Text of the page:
¡Hola amigos! As life settles down here in Buenos Aires and we feel more like we're living here and less like we're on vacation, I've become a bit remiss in my blogging. I've invited Ken to join the festivities here at UFF as a contributor, but as he has yet to put pen to paper, so to speak, you're stuck with me. Suckas.
As last Sunday was Easter and I have latent Catholicism, I'd planned to attend Mass. However, we spent Saturday evening with the aforementioned Frenchy and Dutchy (aka The Europeans) and on Sunday
morningafternoon when I woke up I was in no shape to be awake, which is usually a requirement, at least to get to a church. Also, Mass was over. So we leisurely started our day with oatmeal and coffee, and just after 1 p.m. Audrey called to tell us they wanted to go to the Feria de Mataderos, which I'd mentioned the night before as a possible Sunday activity.
Against all odds (odds that included hangovers and miscommunicated meeting places) we managed to meet the Europeans at the Retiro train station and find the bus that would take us to the feria (market). It was about an hour from the city centre. Once we arrived and found our way into the market we were not disappointed. In addition to the usual market stalls, there was a large group of Argentine folk singers, and another group of folk dancers who looked like they were having a grand time. We watched them for a while, then continued our tour to find a gaucho horse racing contest called Carerra de Sortija, or the Race of the Ring. The Buenos Aires Argentina Guide describes the race:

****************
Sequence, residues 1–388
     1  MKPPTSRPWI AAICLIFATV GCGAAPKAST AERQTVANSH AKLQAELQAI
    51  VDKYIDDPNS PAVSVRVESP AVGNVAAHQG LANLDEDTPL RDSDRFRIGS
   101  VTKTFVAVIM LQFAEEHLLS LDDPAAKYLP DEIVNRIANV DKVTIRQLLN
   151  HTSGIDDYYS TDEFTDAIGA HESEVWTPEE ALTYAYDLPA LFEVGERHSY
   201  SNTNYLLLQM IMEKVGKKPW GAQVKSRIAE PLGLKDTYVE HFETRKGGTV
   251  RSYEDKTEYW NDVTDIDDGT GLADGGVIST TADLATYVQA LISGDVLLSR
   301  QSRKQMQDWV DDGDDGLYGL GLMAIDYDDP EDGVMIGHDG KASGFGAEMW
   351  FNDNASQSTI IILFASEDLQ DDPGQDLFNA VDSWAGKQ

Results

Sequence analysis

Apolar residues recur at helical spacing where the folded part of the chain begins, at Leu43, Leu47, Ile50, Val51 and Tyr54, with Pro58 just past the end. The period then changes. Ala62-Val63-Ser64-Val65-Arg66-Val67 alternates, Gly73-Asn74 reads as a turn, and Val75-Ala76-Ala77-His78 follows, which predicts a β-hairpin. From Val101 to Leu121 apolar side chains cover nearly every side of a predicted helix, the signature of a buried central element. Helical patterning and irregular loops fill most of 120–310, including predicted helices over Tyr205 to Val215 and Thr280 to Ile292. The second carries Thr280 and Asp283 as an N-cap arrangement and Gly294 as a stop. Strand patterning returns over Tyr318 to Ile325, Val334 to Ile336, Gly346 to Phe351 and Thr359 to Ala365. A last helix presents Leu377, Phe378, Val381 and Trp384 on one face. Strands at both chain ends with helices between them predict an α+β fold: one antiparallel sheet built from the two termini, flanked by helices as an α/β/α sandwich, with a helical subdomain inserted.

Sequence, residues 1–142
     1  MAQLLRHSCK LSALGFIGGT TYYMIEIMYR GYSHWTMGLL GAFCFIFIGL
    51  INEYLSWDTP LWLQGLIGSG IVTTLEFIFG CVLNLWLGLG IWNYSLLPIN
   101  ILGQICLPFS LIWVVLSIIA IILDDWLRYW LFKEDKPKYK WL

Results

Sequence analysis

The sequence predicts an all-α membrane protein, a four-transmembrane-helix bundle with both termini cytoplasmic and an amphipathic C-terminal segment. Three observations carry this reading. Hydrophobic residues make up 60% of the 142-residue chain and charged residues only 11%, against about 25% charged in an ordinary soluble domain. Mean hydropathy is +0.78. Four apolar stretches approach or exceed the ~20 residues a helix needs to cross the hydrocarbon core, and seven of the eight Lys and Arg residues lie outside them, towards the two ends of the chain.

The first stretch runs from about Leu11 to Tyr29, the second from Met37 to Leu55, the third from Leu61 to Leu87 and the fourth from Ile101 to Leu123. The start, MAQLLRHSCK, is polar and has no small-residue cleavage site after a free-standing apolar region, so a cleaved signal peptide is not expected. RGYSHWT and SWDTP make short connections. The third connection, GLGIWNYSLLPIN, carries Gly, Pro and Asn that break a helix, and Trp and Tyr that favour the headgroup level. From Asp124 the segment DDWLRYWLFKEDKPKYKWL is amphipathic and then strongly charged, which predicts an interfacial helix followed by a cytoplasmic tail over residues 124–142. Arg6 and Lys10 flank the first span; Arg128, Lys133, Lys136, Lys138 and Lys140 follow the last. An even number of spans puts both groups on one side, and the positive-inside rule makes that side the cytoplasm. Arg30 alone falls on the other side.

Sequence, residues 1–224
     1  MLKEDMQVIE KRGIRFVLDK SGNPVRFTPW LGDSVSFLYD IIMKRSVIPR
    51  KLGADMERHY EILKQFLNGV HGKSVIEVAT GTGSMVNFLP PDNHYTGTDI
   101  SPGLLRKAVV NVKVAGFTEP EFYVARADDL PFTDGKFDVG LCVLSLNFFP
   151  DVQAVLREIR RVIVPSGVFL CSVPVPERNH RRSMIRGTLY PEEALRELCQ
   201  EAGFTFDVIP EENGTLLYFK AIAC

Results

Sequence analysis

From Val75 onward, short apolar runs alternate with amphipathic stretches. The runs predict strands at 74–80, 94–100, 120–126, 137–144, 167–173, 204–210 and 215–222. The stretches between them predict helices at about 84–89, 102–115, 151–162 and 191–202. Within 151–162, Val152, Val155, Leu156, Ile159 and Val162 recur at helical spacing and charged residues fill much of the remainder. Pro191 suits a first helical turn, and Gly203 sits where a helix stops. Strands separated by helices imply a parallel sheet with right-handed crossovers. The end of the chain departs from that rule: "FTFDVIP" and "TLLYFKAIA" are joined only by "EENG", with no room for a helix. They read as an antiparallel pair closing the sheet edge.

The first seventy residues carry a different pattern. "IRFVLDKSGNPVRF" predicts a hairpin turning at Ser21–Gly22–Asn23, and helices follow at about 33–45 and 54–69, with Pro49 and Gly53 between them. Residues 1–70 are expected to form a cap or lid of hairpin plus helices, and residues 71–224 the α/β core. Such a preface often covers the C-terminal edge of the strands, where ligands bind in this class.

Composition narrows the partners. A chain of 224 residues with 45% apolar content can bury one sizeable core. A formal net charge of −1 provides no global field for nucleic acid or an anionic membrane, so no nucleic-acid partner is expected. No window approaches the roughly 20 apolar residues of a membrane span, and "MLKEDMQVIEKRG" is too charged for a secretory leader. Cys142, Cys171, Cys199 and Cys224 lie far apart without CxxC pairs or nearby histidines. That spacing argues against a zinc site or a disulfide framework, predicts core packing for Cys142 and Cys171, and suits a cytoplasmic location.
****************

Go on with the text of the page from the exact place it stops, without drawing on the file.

Gauchos race their horses at breakneck speeds towards a small ring hung onto a raised metal frame overhead. The gauchos stand up in their stirrups as they race, and try to spear the ring, which is no larger than a normal piece of jewelry, with a small pointy stick.
See the little pen-like thing in this guy's hand?He was trying to put that through a ring about the size of a keychain that was hanging just above his head as he galloped by. Not only did some of the cowboys actually achieve this feat, we didn't see one person fall off his horse!
Despite all this excitement, the best part of the day, and maybe of our whole time in Buenos Aires so far, was our chance wandering into a restaurant beside the market. As we were walking by we noticed a couple of guys playing guitars inside, and since we were looking for a place to eat, we thought it might be a good bet. The place was pretty full but the waitress found us a table at the back, and we sat for hours listening to the most beautiful Argentine folkloric music. To top it all off, a litre of beer cost a mere 10 pesos (about 2.72USD/3.28CAD). I'm not sure the short video I took will do the music justice. The main performer had both amazing guitar skills and a powerful, operatic voice, and he was joined in rotation by other people in the bar. The guy who we think was the head honcho welcomed us openly and tried to explain the meanings of the lyrics to us (pain, love, and imprisonment were amongst the themes). He even insisted that we pose for a photo!
Finally, I can assure you that this guy's reaction was not representative of the rest of the crowd: He'd obviously just been taking advantage of the 10-peso beers.